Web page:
Google Said to Have Tried to Get Support Over Attack (Update2)

Jan. 15 (Bloomberg) -- Google Inc. approached other companies to seek their help drawing attention to a cyber attack from China last month and was frustrated by their reluctance to come forward, according to a person familiar with the matter.
Google announced this week that it was one of at least 20 companies targeted in a “highly sophisticated” computer attack and wanted others to talk about the incident, the person said. The companies refused, and Google made the announcement by itself, the person said.
Since then, three other companies, Adobe Systems Inc., Juniper Networks Inc. and Rackspace Hosting Inc., have said they were targeted by cyber attacks. The reluctance of companies to join Google in its initial announcement illustrates the pressure on them to protect their business in China, the world’s third- largest economy, said Barry James, who helps manage $2 billion at James Investment Research in Xenia, Ohio.
“Companies are not going to be cutting off their nose to spite their face,” James said. “It’s an underlying problem that exists in terms of dealing with a country where they don’t necessarily follow all the same rules that we do. More experienced firms have a better grip on how to navigate that.”
In disclosing the attacks, Google said it plans to stop censoring Web-search results in China, a move that may lead to the closing of its Chinese site and offices in the country. Mountain View, California-based Google said the attacks were directed at e-mail accounts of human-rights activists.
Jill Hazelbaker, a spokeswoman for Google, declined to comment on how the company handled the matter.
China Revenue
Google probably can afford to leave China, said Marshall Meyer, a professor of management at the University of Pennsylvania’s Wharton School.
“If they were making a lot of money, I don’t think they’d do this,” said Meyer, who teaches an MBA course on how companies operate in China. “You have to cultivate good relationships with the government -- no way around it.”
Less than 2 percent of Google’s $21.8 billion in revenue came from China last year, according to Jefferies & Co. By comparison, China accounted for 13 percent of Intel Corp.’s sales in 2008, the last time the company disclosed results from the country. Cisco Systems Inc. made 11 percent of its revenue from the Asia Pacific region, excluding Japan, in the most recent quarter.
Google rose $1.87 to $591.72 at 9:32 a.m. New York time on the Nasdaq Stock Market. The stock has almost doubled in the past year.
‘All About Profit’
Dan Slane, chairman of the U.S.-China Economic and Security Review Commission, a federal agency, said he was surprised more companies aren’t standing up with Google.
“It’s all about profit, and I understand where the silence is coming from, but they are missing the long-term picture,” Slane said in an interview. Chinese leaders’ “end game is to extract as much technology out of American companies as they can, transfer that to their own companies and, when they feel those companies have reached a level of technical maturity, show the American companies the door.”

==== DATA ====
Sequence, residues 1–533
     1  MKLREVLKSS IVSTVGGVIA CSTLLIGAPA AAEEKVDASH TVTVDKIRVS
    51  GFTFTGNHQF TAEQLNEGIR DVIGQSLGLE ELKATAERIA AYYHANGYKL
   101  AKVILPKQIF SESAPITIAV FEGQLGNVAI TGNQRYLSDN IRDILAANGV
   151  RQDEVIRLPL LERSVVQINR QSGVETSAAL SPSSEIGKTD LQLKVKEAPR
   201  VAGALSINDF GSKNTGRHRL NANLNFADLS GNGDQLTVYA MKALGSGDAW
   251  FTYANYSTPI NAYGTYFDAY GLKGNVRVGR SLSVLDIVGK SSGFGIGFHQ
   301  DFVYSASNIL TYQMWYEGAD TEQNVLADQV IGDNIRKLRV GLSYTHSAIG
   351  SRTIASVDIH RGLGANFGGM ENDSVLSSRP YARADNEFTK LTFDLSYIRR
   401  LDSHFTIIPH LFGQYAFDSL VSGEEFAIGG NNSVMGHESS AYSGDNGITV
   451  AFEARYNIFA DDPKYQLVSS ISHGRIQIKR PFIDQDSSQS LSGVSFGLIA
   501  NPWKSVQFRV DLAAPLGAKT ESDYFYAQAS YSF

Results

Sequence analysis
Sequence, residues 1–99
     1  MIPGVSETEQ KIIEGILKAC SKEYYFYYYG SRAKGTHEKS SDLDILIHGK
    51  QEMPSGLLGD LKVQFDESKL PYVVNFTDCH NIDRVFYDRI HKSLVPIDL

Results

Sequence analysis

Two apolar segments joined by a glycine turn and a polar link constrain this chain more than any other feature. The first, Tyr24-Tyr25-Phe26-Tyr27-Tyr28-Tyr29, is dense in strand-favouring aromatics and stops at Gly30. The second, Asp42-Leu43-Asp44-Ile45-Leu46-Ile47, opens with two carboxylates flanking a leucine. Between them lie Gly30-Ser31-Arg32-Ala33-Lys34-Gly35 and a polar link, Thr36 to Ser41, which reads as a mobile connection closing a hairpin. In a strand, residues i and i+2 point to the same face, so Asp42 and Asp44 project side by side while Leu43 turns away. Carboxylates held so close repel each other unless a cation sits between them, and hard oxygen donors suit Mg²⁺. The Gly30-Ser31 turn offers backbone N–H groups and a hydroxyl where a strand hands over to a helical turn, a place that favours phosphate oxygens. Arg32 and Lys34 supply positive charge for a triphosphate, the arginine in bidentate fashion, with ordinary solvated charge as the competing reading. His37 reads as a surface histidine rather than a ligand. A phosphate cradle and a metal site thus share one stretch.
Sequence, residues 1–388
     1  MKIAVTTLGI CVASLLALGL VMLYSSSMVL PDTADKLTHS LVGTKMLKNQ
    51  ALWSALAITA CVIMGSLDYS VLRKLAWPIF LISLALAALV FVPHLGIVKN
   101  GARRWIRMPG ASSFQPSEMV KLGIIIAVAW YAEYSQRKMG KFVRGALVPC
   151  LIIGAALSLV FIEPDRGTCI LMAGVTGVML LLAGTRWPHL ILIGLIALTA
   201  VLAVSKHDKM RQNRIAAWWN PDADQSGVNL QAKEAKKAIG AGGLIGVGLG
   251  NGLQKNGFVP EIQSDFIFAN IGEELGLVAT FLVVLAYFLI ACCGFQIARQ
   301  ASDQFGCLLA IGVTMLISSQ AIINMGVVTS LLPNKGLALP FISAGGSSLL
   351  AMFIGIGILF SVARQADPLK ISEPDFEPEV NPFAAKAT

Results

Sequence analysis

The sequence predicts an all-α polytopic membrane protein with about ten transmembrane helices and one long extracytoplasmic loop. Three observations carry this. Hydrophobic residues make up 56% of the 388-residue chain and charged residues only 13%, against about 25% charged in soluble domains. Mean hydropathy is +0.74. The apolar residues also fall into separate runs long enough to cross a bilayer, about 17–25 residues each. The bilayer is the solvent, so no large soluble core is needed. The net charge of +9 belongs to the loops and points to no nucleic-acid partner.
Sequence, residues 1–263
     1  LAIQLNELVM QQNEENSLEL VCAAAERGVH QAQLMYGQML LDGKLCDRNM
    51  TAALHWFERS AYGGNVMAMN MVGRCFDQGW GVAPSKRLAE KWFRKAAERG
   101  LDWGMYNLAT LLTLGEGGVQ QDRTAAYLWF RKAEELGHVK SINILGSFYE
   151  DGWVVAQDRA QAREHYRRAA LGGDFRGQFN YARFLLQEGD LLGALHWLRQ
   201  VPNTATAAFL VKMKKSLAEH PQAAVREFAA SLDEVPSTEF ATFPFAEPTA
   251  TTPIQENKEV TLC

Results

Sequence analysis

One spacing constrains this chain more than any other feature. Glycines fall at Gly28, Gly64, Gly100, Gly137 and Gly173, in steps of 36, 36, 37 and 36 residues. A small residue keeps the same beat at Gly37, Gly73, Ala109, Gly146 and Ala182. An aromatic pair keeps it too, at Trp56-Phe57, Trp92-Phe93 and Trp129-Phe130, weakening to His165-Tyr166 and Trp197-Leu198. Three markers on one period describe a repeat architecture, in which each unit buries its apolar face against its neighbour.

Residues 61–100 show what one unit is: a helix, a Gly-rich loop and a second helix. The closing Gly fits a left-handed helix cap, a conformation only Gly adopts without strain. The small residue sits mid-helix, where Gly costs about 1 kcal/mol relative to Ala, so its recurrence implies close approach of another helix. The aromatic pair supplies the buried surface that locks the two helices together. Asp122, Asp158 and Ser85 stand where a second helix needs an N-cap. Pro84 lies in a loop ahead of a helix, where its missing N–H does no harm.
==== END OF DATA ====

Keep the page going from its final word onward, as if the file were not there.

Google co-founder Sergey Brin pushed the company’s executives to take a stand against the attacks and end its censorship of Web-search results in China, according to another person familiar with the matter. As part of the discussion, Google executives analyzed the financial effect of the company leaving China, the person said.
Yahoo! Inc., the second most used U.S. search engine, was also among the companies targeted by the attack in China, a person familiar with the matter said this week. Yahoo, which said it “stands aligned” with Google in condemning Chinese cyber attacks on users, said that it doesn’t generally disclose attacks on its computer systems.
Microsoft’s Stance
Technology companies such as Microsoft Corp. and Intel have spent years building businesses in China, the world’s largest Internet and mobile-phone market.
Microsoft Chief Executive Officer Steve Ballmer said yesterday in an interview with Bloomberg Television that his company intends to stay in China and wants to be “part of the solution” in the country.
Intel, the world’s biggest chipmaker, said there is no change in its view of the Chinese market and it hadn’t seen evidence of a “broad-based attack” on its systems.
“We have nothing to say concerning other companies’ views” of the Chinese market, said Chuck Mulloy, a spokesman for the Santa Clara, California-based company.
Cisco, the world’s largest maker of networking equipment, said it’s closely following discussions of censorship in China.
“As Cisco is not a service or content provider and doesn’t participate in the censorship of information by any government, we cannot comment regarding the specifics of any of our industry peers,” the San Jose, California-based company said in a statement.
To contact the reporters on this story: Brian Womack in San Francisco at; Rochelle Garner in San Francisco at; Ari Levy in San Francisco at

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